Issue 82: Remembering the quiet lessons
4 min read

Issue 82: Remembering the quiet lessons

Congratulations to the winners of last issue’s giveaway, Natalie and Lu, who will be receiving copies of Meera Lee Patel’s essay collection, How It Feels to Find Yourself, and journal, Go Your Own Way!

This is my last issue of the year, as I’m headed to South Africa with my partner for a family vacation. I'll be back in your inboxes in January.

As I did last year, here’s my list of concrete writing accomplishments:

  • Submitted to 23 publications/writing-related opportunities
  • Taught my first writing class with Accent Society
  • Revised 2 short stories, 3-4 times each
  • Started brainstorming a novel and wrote ~6000 words
  • Wrote 19 editions of this newsletter, including three interviews with Victoria Ying, Elise Hu, and Meera Lee Patel
  • Took two writing classes and participated in two workshops
  • Participated in the January #mini1000

It’s helpful to see this all laid out, but a friend of mine recently wrote me a thoughtful holiday card congratulating me on the “quieter lessons” she saw me learn this year. I noticed that compared to last year, I drafted fewer stories and submitted to fewer writing-related opportunities. But I realized that those trends and changes don't tell the whole story.

Rather than drafting, I focused on revision. Rather than submitting a ton, I focused on a more specific set of publications and opportunities. I began brainstorming my next big project because I felt ready for something meatier. I changed jobs and got engaged. I was more intentional with taking time off and worked on my relationship with creative guilt. I traded stories and feedback with good art friends.

I think it’s important to look at the tangible steps I took in my writing life this past year, but also remember that writing is one aspect of my life. A lot of the intangible work this year was thinking about the sustainability of writing in the context of my job, health, and relationships. I’ve certainly appreciated the loud acceptances and opportunities, but I also remember that the deeper work is in quiet, steady moments. If you are reflecting on your own writing behaviors, I hope you remember to think expansively about what you consider "accomplishments."

Gifts for writers

I’m resharing my gift guide, with some updates and new recommendations:

  • Subscriptions: Lit Mag News for info on calls for submissions, various job / fellowship / contest opportunities, and interviews with lit mag editors. Sub Club by Chill Subs offers writer resources, Hit Submit Parties, discounts, and weekly lists of submission opportunities.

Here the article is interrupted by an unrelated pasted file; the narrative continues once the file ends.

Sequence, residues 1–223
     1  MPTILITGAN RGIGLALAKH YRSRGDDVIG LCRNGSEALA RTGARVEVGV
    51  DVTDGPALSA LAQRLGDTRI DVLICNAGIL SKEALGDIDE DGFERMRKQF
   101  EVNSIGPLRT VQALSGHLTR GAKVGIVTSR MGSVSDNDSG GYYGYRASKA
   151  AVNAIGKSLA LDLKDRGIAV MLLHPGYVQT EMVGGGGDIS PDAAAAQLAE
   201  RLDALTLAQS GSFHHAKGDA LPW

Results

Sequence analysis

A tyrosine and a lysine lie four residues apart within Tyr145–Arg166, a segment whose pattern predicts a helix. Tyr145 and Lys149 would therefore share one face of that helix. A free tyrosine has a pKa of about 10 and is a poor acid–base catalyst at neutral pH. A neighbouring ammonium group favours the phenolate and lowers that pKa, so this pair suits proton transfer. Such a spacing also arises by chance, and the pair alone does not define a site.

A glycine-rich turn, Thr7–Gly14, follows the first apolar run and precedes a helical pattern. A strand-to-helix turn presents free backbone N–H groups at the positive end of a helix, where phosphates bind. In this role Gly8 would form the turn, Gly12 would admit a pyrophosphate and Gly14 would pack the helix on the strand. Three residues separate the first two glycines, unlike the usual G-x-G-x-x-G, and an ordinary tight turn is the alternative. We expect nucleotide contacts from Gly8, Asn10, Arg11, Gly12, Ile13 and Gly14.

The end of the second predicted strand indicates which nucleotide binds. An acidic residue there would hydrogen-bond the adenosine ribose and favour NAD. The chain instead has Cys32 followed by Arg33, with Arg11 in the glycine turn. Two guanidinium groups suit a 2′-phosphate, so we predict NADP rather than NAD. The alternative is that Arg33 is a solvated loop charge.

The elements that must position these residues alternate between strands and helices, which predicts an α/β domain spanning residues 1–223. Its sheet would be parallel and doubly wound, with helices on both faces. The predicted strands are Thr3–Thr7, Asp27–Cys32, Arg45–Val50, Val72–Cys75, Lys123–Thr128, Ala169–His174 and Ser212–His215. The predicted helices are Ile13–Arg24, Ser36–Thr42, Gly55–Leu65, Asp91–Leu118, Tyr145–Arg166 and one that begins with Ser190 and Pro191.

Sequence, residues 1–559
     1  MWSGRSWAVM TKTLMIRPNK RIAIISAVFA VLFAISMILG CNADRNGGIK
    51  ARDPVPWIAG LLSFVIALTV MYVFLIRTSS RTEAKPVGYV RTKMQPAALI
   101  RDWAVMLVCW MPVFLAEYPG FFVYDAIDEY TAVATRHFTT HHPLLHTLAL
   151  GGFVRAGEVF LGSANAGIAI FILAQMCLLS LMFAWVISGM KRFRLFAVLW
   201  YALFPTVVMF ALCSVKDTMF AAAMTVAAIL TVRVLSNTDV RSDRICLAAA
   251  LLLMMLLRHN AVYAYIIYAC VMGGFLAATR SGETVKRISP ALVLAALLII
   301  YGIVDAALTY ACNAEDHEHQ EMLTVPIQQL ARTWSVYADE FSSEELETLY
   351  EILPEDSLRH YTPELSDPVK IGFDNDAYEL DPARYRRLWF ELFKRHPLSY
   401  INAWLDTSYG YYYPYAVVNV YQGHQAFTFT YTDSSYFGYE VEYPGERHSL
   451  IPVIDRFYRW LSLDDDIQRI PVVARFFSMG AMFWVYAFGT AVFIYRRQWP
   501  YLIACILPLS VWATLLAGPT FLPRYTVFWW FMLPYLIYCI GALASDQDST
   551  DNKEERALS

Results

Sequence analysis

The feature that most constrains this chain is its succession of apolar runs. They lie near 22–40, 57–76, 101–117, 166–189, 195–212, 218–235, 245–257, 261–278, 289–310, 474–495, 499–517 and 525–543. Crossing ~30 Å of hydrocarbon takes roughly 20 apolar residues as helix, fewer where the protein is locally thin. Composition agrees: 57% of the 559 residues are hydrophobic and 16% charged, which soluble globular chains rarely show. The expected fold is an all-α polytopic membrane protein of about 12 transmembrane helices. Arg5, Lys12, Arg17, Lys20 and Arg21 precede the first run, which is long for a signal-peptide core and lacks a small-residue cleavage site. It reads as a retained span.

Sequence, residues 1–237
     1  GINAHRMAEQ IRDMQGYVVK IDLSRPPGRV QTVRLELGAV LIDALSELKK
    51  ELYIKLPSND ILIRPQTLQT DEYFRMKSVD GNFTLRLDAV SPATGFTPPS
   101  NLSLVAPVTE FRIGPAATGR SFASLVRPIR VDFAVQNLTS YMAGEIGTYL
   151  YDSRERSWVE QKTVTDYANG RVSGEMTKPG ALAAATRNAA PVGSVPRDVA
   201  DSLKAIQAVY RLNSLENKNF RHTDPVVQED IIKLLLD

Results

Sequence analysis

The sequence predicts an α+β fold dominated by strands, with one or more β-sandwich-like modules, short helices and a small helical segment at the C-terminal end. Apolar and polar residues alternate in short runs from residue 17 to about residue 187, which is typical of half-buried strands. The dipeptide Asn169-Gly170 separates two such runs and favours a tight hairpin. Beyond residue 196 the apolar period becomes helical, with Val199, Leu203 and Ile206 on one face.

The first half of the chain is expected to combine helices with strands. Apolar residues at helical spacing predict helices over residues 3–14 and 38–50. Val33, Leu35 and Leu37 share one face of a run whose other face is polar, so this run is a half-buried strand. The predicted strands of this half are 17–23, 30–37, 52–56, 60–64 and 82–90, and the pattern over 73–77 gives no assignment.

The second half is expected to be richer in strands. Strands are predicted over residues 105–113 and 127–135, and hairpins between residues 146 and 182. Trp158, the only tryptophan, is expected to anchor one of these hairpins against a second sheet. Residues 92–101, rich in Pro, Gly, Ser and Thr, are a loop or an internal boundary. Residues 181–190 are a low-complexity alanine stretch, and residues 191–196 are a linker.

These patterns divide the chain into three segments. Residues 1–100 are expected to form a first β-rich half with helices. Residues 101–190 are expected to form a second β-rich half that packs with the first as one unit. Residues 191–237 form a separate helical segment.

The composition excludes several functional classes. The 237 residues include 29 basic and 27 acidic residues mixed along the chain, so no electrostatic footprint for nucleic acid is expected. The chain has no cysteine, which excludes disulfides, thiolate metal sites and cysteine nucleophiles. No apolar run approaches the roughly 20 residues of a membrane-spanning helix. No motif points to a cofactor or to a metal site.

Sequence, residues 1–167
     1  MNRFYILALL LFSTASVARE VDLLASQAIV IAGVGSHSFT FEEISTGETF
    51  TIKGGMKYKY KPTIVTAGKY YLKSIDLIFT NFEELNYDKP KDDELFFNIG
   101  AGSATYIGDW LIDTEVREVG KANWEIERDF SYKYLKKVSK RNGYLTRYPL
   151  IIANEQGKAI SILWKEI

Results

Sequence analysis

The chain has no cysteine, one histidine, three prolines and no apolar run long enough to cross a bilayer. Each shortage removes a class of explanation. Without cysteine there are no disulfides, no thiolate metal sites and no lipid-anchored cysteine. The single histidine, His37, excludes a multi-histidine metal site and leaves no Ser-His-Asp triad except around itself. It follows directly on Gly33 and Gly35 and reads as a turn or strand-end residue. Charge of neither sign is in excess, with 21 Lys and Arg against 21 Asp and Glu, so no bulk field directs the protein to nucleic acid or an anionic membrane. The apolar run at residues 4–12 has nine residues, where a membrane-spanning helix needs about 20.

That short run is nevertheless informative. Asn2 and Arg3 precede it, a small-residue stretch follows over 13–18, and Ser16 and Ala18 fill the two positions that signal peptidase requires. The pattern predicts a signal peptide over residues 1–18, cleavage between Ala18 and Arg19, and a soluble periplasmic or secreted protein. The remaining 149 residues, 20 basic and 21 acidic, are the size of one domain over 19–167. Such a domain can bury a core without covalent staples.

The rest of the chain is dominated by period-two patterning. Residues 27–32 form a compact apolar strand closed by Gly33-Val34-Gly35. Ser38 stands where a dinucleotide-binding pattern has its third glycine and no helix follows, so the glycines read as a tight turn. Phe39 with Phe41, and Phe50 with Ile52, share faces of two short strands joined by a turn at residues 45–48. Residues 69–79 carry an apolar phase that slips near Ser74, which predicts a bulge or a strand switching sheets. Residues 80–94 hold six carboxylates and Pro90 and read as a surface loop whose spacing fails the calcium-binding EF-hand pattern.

• Creative inspiration: AMC A-List, museum memberships
  • Writing classes and spaces: Many writing spaces also provide in-preson and remote classes, such as GrubStreet in Boston, Lighthouse Writers Workshop in Denver, Hugo House in Seattle, The Center for Fiction or Brooklyn Poets in New York, The Writer's Center in Bethesda, and StoryStudio in Chicago
  • Support for retreats, residencies, and workshops: Offer financial support, childcare, edits, moral support, etc. to make it possible for writers to attend retreats, residencies, and workshops.

If you enjoy this newsletter, please consider sharing it with a friend or supporting me via Ko-fi or Venmo! If there are topics you’d like to see covered in future issues of this newsletter, hit reply and let me know. Thank you all for reading and sharing your feedback.

Happy Holidays!

Two screenshots from the TV show community. Troy returns to the apartment with pizza, labeled "writer coming back to their first draft revisions." The room is ablaze and in chaos. Each other character is labeled placeholder names, vague notes and instructions, half-finished chapters, and skipped scenes.

Creative resources

Recent reads & other media

E and I reread Gone Girl by Gillian Flynn so we could then rewatch the movie. (We laughed when we realized this is the funniest book to read as a newly-engaged couple.) I read Rosie Danan’s latest book, Do Your Worst, which is a supernatural mystery/romance that epitomizes the “enemies to lovers'' trope.

E and I saw Poor Things—and a Q&A with Willem Dafoe, Mark Ruffalo, and Ramy Youssef afterward. While it was entertaining, humorous, and provided an interesting lens on femininity and self-actualization, it’s overwhelmingly more about vibes than depth.

Recently read short stories: “The Arrow” by Gina Chung

Note: Book links are connected to my Bookshop affiliate page. If you purchase a book from there, you'll be supporting my work and local independent bookstores!

~ meme myself and i ~

Journaling only when it’s medically necessary. A scheming cat. There are only four types of contestants on GBBO. Scallion hearts, my beloved. When someone’s talking about something but they haven’t unlocked that part of my personality yet. Ah yes, Louis Armstrong, the first person on the moon.

A two panel meme. A stick figure is hunched alone in their room, saying "life has no meaning there is only pain and suffering and failure." In the second panel, the stick figure is cured and excited by the appearance of various soups.
via @northstardoll